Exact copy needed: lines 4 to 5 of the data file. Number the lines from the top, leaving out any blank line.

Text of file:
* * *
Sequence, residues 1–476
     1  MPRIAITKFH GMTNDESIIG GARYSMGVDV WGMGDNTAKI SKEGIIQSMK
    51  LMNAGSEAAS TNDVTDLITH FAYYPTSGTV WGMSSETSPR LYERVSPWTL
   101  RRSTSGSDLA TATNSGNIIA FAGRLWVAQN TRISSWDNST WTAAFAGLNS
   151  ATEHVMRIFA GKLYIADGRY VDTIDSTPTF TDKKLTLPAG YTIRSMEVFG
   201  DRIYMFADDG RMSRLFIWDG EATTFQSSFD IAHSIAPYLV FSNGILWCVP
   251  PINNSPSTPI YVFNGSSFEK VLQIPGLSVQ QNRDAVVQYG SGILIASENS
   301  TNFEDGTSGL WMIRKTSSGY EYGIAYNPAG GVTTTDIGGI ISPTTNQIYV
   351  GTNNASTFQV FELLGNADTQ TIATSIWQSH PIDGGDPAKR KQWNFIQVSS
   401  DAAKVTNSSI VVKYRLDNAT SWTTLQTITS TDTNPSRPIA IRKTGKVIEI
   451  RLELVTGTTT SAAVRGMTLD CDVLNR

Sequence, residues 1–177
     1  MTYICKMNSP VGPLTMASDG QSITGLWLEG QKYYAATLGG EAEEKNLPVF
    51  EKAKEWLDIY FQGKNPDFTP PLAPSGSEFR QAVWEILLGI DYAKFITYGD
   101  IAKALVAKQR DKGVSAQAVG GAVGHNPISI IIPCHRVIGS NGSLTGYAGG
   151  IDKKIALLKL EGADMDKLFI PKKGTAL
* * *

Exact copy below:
   101  RRSTSGSDLA TATNSGNIIA FAGRLWVAQN TRISSWDNST WTAAFAGLNS
   151  ATEHVMRIFA GKLYIADGRY VDTIDSTPTF TDKKLTLPAG YTIRSMEVFG